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What do you think delite 3mm for a 8" dob?

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#1 cnchillstar

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Posted 23 July 2021 - 08:55 PM

For a 8" F6 orion dob and ES 6" F8 refractor, I would like to do some serious moon and planet watching. Is a delite 3mm ok? If not please give some options thanks.


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#2 CrazyPanda

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Posted 23 July 2021 - 09:05 PM

400x is going to require dead calm atmospheric conditions, and assuming the refractor is achromatic, you're basically just going to be magnifying chromatic aberration in the refractor and it's just not going to look good. A 3mm DeLite would be a waste of money in the refractor.

 

Do you know for a fact that your skies are steady enough to use 400x?



#3 Barlowbill

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Posted 23 July 2021 - 09:07 PM

I have used a 3.2mm Astro -Tech Paradigm for a couple of years.  About 4 times.  Pretty high power for my 8" Dob.  I like it and will not get rid of it but it is a few and far between usable ep.  



#4 sportsmed

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Posted 23 July 2021 - 09:41 PM

I have a 10" Dob and a 3mm is just too much, honestly for higher mag I wouldnt try to go much more then a 5mm on alot of nights and a 6-7mm would get used more for sure. You would have to have some great calm dark skies for you to get much use of a 3mm. Delites are nice but I wouldnt waste money on the 3mm instead spend on a 5 - 7mm for higher power.


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#5 Bill Jensen

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Posted 23 July 2021 - 09:52 PM

I enjoy my 3-6mm Nagler. It gives me a range depending on the seeing when I am pushing the limits of the sky for a particular night. They come up on the used market from time to time as well 


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#6 ngc7319_20

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Posted 23 July 2021 - 10:03 PM

As others have said, get something in the 5mm - 6mm range.  And then if you feel you still need more power, try something around 4mm.    I hardly ever use a 3mm.

 

Another point is that the field of view will be very small at 3mm, making it difficult to find objects and track them.



#7 SkyRanger

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Posted 23 July 2021 - 10:12 PM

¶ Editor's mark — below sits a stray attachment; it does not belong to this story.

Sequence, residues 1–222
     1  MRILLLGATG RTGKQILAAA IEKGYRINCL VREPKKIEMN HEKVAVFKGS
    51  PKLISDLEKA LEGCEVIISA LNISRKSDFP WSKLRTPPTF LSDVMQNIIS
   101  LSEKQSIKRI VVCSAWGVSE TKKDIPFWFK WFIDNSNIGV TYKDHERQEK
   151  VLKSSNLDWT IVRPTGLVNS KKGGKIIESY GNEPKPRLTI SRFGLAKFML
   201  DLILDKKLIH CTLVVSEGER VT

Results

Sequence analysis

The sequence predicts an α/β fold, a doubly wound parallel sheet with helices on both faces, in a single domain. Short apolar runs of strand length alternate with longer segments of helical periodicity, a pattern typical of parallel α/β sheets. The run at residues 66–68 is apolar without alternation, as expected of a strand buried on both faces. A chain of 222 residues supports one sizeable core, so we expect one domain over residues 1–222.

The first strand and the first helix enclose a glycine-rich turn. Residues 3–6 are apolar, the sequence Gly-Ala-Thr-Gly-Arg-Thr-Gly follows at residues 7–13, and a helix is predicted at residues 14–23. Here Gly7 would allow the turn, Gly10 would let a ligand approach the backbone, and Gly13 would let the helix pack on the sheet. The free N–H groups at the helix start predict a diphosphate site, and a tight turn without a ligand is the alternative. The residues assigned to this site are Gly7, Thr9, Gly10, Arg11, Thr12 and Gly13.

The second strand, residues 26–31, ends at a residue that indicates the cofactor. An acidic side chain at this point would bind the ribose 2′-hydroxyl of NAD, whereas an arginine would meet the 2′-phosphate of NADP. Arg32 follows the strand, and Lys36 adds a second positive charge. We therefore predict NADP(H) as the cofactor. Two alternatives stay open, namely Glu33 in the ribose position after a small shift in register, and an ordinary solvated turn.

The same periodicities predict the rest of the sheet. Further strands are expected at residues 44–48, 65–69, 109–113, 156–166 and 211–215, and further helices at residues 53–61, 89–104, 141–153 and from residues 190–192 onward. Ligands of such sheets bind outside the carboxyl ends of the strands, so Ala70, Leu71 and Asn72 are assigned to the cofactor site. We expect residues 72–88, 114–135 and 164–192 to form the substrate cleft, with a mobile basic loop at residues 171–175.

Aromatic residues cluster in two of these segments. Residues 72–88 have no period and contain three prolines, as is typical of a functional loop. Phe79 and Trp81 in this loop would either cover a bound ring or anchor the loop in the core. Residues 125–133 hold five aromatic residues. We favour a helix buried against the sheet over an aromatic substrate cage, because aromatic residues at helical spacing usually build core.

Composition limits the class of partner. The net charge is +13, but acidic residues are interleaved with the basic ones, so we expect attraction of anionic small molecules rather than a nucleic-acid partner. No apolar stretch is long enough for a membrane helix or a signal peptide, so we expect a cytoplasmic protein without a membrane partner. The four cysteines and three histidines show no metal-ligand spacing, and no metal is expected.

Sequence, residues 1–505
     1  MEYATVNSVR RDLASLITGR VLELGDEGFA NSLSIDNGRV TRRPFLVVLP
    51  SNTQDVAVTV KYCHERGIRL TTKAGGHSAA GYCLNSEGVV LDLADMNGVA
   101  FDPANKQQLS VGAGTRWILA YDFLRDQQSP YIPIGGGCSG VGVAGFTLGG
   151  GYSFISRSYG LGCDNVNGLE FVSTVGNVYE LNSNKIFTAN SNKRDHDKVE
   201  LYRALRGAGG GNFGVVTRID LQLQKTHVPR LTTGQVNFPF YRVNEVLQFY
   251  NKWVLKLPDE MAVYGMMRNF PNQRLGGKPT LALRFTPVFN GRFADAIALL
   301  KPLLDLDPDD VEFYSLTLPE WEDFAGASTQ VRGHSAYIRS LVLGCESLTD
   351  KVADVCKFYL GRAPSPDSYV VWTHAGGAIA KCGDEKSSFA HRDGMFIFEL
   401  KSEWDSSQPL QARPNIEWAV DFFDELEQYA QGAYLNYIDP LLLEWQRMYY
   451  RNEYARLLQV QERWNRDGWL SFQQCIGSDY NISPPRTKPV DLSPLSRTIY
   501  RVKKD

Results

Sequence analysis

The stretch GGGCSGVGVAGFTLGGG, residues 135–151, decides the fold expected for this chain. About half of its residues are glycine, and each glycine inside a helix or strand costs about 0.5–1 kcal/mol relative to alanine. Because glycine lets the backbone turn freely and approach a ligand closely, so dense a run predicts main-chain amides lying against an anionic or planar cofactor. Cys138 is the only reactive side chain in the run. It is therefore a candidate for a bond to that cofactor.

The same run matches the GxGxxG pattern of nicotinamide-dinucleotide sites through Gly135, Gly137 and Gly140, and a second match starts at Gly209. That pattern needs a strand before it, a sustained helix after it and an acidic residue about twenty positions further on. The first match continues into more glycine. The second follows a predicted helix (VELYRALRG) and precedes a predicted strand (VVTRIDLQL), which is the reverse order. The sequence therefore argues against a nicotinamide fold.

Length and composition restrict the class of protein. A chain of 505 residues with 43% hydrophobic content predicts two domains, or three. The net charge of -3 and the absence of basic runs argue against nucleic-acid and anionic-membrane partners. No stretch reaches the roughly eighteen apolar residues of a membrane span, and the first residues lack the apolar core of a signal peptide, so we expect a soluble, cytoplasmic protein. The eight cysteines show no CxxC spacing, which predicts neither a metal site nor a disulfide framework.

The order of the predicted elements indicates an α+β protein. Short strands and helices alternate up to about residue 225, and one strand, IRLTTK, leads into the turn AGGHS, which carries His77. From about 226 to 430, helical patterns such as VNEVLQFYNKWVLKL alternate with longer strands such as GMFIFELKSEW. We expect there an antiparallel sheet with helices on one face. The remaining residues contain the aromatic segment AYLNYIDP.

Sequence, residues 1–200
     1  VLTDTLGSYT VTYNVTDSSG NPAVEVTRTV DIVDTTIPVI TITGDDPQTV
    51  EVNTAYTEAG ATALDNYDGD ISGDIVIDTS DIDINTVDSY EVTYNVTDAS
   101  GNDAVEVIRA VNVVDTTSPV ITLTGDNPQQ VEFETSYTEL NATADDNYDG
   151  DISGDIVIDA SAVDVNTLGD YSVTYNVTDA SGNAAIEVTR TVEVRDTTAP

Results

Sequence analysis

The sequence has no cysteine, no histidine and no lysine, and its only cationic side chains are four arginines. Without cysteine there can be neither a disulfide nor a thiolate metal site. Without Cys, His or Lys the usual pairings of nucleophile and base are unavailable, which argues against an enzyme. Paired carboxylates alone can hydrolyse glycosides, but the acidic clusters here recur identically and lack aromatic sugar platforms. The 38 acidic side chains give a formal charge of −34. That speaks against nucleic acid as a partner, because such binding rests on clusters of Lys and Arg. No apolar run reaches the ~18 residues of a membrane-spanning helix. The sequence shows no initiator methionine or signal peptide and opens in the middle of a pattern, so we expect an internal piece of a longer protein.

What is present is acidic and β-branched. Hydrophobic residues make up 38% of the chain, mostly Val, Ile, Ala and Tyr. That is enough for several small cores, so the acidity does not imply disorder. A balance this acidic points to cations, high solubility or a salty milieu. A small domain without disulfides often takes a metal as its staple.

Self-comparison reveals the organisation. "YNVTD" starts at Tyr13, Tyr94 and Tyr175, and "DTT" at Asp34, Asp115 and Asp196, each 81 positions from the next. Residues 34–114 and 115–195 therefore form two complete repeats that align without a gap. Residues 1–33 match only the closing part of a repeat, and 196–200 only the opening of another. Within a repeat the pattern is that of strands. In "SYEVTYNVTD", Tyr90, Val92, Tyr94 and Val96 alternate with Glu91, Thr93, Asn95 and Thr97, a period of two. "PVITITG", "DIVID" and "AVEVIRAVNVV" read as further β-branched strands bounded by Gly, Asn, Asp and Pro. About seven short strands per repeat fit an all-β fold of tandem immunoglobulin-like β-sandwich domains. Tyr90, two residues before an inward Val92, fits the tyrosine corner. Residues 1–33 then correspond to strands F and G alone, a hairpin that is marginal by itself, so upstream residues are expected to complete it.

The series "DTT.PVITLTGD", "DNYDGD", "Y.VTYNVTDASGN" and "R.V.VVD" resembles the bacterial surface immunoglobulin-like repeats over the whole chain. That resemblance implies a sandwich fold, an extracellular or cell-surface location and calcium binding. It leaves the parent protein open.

My most used lunar and planetary EP in my 8” f/6 was an 8mm.  Shorter focal lengths were used far less frequently.  If you have consistently great seeing, you can use higher powers more often.

 

Gordon G


Edited by SkyRanger, 24 July 2021 - 05:22 AM.

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#8 Barlowbill

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Posted 23 July 2021 - 10:23 PM

I agree with everything that has been said.  However, in those infrequent times that allow more power, more power is fun.  I would not spend $ on high end eps for those infrequent tines.



#9 TOMDEY

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Posted 23 July 2021 - 10:33 PM

Well, that's a miniscule exit pupil. I know some people go that high (50-60x per inch of aperture) but think it also relates to one's visual acuity. If your eye's are getting kinda weak (corrected acuity 20/30 or worse) the extra magnification might help. In that case, the dinky exit pupil can avoid most of the lumps and bumps in your eye's wavefront. Whatever works for you is best! When I got my eyes fixed, I discovered that much lower magnifications now feel optimum.    Tom



#10 Napp

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Posted 23 July 2021 - 10:40 PM

Are you willing to spend that much for an eyepiece you may only use once or twice a year if you are lucky.


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#11 Astro-Master

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Posted 23 July 2021 - 11:03 PM

A good quality Barlow works well on all my scopes.


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#12 Dave Mitsky

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Posted 23 July 2021 - 11:20 PM

I doubt that you will be able to use 400x very often, if ever.  A 0.5mm exit pupil (3mm/5.9) is going to produce a rather dim image and will probably result in "floaters" in the vitreous humor being an obvious nuisance.


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#13 The Ardent

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Posted 23 July 2021 - 11:23 PM

For “serious moon and planet watching” I recommend a binoviewer. 
 

I really wish you had been at Neaf 2017 when I left the hotel and drove back to Neaf after dark, and set up my 120mm refractor, BV and pairs of 11mm and 18mm Delites , and watched Jupiter low in the east. There were a couple of other astronomers there for night viewing too. I didn’t stay long because of driving all the day before, little sleep, then a full day of solar observing and shopping. 

 

What did the BV do? It showed me a better Jupiter than any single eyepiece. 

If you had been there, and seen it for yourself , it would make a lot more sense than any explanation I can write. 
 

Or do this , walk around the house and do your daily living (no driving or operating machinery) with one eye closed. If that works for you, then don’t consider a BV. 



#14 RichA

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Posted 23 July 2021 - 11:50 PM

For a 8" F6 orion dob and ES 6" F8 refractor, I would like to do some serious moon and planet watching. Is a delite 3mm ok? If not please give some options thanks.